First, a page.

Winter laying

Discussion in 'Chicken Behaviors and Egglaying' started by montain_dweller, Jan 21, 2014.

  1. montain_dweller

    montain_dweller Out Of The Brooder

    73
    2
    31
    Mar 13, 2011
    Continental divide
    Hey folks. I am at 9250 feet above sea level in Colorado. It's been a chilly winter here, as with most places north of me. I have a small flock of 8 hens (mixed flock, all layers) and a BO rooster.
    Until this weekend my flock has been with natural light, this weekend I placed a light in the coop. They are fed fermented layer mash. And have a large run to be in on the sunny days.
    For the past 2 months I have not seen a single egg. Aside from lighting, which is now in place, can anyone suggest how to bring back the laying before spring arrives?
     
    1 person likes this.
  2. Angiebubs

    Angiebubs Chillin' With My Peeps

    2,331
    58
    196
    Aug 19, 2011
    Amery, WI WI/MN border
    How much total light are they getting now? After adding light (enough to give 10-12 hrs total per day) it takes a week or two before they "red up" and start laying again. Also, if its too cold, they sometimes wont lay, as their energy is all going towards staying warm.
     
  3. Alaskan

    Alaskan The Frosted Flake

    Also, how old are they? Age does greatly effect laying.


    I find that the biggest factor in cold weather is the water. It freezes up so easily, and any water restriction means that they will not lay.
     
  4. montain_dweller

    montain_dweller Out Of The Brooder

    73
    2
    31
    Mar 13, 2011
    Continental divide
    They are all around 1 year old. They did have a molt before winter, and they always have good clean melted water inside the coop. With the light they are now getting 12 hours of light.
     
  5. Happy Chooks

    Happy Chooks Moderator Staff Member

    39,653
    1,177
    516
    Jul 9, 2009
    Northern CA
    My Coop
    What are you feeding them? When they go through molting, they need all the protein they can get. Once their feathers grow back in, they need to get their body weight back up before they can resume laying. Increase their protein if you can.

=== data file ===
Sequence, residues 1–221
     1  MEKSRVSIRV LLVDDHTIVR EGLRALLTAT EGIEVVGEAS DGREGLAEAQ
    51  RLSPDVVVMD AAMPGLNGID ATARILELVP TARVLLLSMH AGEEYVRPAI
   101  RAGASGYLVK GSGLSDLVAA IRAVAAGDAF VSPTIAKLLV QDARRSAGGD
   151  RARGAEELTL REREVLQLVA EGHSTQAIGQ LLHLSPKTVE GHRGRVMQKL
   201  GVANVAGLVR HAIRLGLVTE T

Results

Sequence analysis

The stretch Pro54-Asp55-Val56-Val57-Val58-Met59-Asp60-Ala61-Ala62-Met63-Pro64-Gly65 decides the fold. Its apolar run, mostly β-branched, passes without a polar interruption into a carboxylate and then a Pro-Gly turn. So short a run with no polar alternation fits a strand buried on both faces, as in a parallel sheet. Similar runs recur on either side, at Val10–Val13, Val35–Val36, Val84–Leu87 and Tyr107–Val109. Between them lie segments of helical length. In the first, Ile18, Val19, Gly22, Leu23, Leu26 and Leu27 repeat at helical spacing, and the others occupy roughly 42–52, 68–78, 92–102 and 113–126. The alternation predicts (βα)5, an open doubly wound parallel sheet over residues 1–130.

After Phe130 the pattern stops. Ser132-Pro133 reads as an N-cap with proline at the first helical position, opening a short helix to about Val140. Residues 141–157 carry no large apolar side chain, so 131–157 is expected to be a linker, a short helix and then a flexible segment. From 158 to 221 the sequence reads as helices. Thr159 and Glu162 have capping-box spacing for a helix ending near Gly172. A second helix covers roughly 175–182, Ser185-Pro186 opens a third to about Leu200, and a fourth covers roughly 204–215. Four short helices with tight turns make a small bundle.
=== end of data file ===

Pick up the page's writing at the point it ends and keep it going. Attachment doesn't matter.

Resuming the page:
6. montain_dweller

    montain_dweller Out Of The Brooder

    73
    2
    31
    Mar 13, 2011
    Continental divide
    Ranch way feeds organic layer mash, fermented. It I 18% protein, they also get random boiled meats and scrambled eggs on occasion
     
  7. turkey lover

    turkey lover Chillin' With My Peeps

    162
    1
    83
    Mar 12, 2013
    i live in Utah an so its cold right now I have put a small 25 wt. bulb in my coop im wondering if I should put a stronger wattage out there or a heat lamp to help keep them warm I feed them 18 percent protein laying mesh its my first winter with chickens I give them lots a greens left over oyster shells scrambled eggs not sure what else to do I have two chickens who are still laying but my others just aren't seeing the light I guess any ideas out there I have a timmer out there starts at 5.30 a,m turns off at 7.30 a.m then turns on again at 5.30 pm an off at 8.30 pm
     
    Last edited: Jan 22, 2014
  8. whittychick

    whittychick Chillin' With My Peeps

    555
    30
    136
    Jul 28, 2013
    Cape cod
    I live in Massachusetts and its been freezing here (2 degrees right now) and lots of snow! I provide oyster shells, grit and layer pellets to the girls. I have NO extra lighting or heat. My girls have been laying 7 a day out of 10...maybe you need more protein in food? Or calcium?
     
  9. montain_dweller

    montain_dweller Out Of The Brooder

    73
    2
    31
    Mar 13, 2011
    Continental divide
    I'm using the highest protein count I can find locally. I have not been supplementing the calcium. Perhaps I will also get some oyster shells out for them to take as they need.
     
  10. mama-goose

    mama-goose New Egg

    3
    0
    6
    Jan 22, 2014
    I found that it is the water. They need free flowing water at all times. If they go one day, and I dont mean 24 hrs, you will go days without an egg. They can recover faster with no food than they can without water. So a couple of changes a day in this cold weather helps.
     

BackYard Chickens is proudly sponsored by